Pap smear medical test
Pap smear medical test

Trans people face ‘barriers’ to accessing cervical cancer screenings, charity says

Many people say they don’t request screenings out of fear of discrimination

Saman Javed
Tuesday 18 May 2021 13:21
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Transgender and non-binary people are being put off cervical cancer screenings due to discrimination, a new study suggests.

The findings, which were published in the British Journal of General Practice yesterday, surveyed 137 trans men and/or non-binary people about their experiences with cervical screening.

Of those eligible, only 58 per cent of the group had been screened, while 47 per cent felt they did not have sufficient information about cervical screening.

In the UK, only people who are registered as female with their GP or surgery are automatically invited for cervical screening.

Having a male gender marker was identified as a barrier, with participants not being called for routine screenings. 

“I changed my gender marker to male, so I am not invited at all anymore,” one respondent said.

Another told researchers: “The NHS refused to give me my results as they were under a male gender marker”.

A third person said they had tried to book themselves in for screening but had trouble doing so because the “receptionists don’t understand”.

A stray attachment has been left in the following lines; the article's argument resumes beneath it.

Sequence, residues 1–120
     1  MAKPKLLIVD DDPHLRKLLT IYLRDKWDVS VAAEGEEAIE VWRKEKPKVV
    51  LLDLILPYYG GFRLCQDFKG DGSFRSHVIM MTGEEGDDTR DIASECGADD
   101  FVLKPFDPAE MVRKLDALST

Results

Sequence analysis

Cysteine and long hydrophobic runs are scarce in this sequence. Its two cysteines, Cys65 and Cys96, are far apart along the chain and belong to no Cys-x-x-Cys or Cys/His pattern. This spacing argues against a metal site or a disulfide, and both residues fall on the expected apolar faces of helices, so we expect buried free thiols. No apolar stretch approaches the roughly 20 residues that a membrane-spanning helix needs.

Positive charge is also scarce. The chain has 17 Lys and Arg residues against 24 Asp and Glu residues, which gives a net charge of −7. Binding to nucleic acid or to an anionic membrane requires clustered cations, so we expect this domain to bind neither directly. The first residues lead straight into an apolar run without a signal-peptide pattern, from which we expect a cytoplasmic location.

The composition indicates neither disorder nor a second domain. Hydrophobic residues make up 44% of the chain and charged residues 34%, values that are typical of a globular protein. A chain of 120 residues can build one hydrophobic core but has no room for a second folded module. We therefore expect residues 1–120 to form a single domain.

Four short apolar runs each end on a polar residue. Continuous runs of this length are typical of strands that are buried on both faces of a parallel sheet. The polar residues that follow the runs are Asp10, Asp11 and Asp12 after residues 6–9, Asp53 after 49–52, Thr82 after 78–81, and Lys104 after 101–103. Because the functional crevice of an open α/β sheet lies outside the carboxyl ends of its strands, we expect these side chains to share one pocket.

Another barrier that respondents reported was having to answer “difficult questions” and “having to be an expert” in their own health due to a poor understanding of trans health. 

“My current GP has never mentioned cervical screening to me in [the] years I’ve been at the surgery. I do not feel confident about being trans there,” one person said.

Others have faced discrimination from GPs, with one person stating that they had met two health professional who had expressed strong moral objections to the existence of transgender people.

Out of fear that they might face similar discrimination again, they did not request a cervical screening.

Commenting on the findings, Rebecca Shoosmith, acting chief executive of Jo’s Cervical Cancer Trust, said that “just as cervical cancer does not discriminate, cervical screening shouldn’t either”. 

“Accessing cervical screening can be difficult for many people. This can be exacerbated for trans men and/or non-binary people with a cervix who face many barriers to accessing routine cervical screening, as well as discrimination because of their gender identity,” Shoosmith said.

The authors of the study, titled Attitudes of transgender men and non-binary people to cervical screening: a cross-sectional mixed-methods study in the UK, said transgender men and non-binary (TMNB) people face barriers at personal, interpersonal, and institutional levels.

“Cervical screening uptake could be increased by adopting TMNB-appropriate screening invitations, providing options for self-sampling, improving cultural sensitivity in health literature, and improving access to trans-specific or trans-aware health services.”

Cervical cancer is the fifth most common cancer worldwide. Between 2015 and 2017 there were 3,152 new cases of cervical cancer diagnosed in the UK, according to Cancer Research UK.

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